Although other ‘natural’ toothpastes often do, our Organic Brushing Rinse never contain:
Bleach contains chlorine. It is a highly reactive substance, meaning that it readily combines with other elements. When it is isolated and freed from its chemical bonds, it becomes a toxic gas. During World War I, the poison was used as a weapon, thus spawning the ignominious age of chemical warfare.
Today the world is awash in the stuff. Chlorine is used to produce polyvinyl chloride (PVC) plastics, herbicides, pesticides, cleansers, and pharmaceuticals; to bleach pulp and paper; and to disinfect water. All told, it is a component in about 15,000 products that have combined estimated annual sales of $71 billion.
In spite of its prevalence, there is a movement to ban chlorine because it is suspected of causing a number of environmental problems, including ozone depletion. It is also thought to pose health threats to humans and wildlife, ranging from cancers to endocrine disruption. Chlorine is an ingredient in such notorious pollutants as DDT, PCBs, CFCs, Agent Orange, and dioxin.
There’s no question that household bleach, which is about 5 percent sodium hypochlorite, a mixture of chlorine and sodium hydroxide, is a dangerous product. Avoid purchasing as many chlorinated products as possible. ~ Audubon Magazine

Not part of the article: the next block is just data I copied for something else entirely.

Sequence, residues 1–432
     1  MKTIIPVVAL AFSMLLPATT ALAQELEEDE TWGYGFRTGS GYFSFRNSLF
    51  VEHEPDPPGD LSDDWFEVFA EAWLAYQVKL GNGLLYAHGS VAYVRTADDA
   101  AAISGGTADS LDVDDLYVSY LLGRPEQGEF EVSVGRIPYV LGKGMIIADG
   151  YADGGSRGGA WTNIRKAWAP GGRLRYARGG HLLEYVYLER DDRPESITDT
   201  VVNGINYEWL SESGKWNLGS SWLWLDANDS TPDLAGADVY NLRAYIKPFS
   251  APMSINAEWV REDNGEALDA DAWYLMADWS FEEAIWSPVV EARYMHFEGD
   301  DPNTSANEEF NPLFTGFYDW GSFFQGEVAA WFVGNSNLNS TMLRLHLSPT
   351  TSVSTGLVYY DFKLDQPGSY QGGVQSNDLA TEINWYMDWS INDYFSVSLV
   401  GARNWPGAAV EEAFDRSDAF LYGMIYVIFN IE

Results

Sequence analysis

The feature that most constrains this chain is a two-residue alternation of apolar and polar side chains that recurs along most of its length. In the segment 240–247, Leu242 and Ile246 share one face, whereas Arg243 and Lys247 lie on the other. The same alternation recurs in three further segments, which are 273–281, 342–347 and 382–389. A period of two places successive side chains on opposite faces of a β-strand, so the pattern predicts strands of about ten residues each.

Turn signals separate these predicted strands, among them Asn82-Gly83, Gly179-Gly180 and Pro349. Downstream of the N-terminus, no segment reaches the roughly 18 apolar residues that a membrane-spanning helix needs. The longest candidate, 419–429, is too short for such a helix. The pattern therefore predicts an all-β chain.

In 2002, Gerard F. Judd, Ph.D., Researcher and Professor Emeritus of Chemistry, wrote a letter to the United States government stating that teeth re-enamel themselves by drawing minerals from food. Glycerin, he discovered, inhibits this process. Removing the glycerin ‘coating’ from teeth requires up to 27 rinses. Virtually all so called ‘healthy’ toothpastes contain glycerin as a primary ingredient
Heavy Metals The difference between food grade hydrogen peroxide and cosmetic or industrial grade that is found in brown bottles at grocery and drug stores, is that the food grade doesn’t have the harmful stabilizers found in the brown bottle varieties. The stabilizers made of chemicals like tetra sodium phosphate, sodium stagnate, acetanilide and phenol contain significant quantities of toxic heavy metals. Most toothpastes and mouthwashes use the non-food grade variety of peroxide.
On ABC’s 20/20, germ expert Dr. Phillip Tierno, a professor at New York University, stated, “the alcohol content present in many mouthwashes can dry your mouth out. When the saliva glands are dry, they are unable to wash away bacteria so the odorous material flourishes.”
Sodium Laurel Sulfate (SLS)
Studies show SLS to be irritating, drying and to encourage canker sores.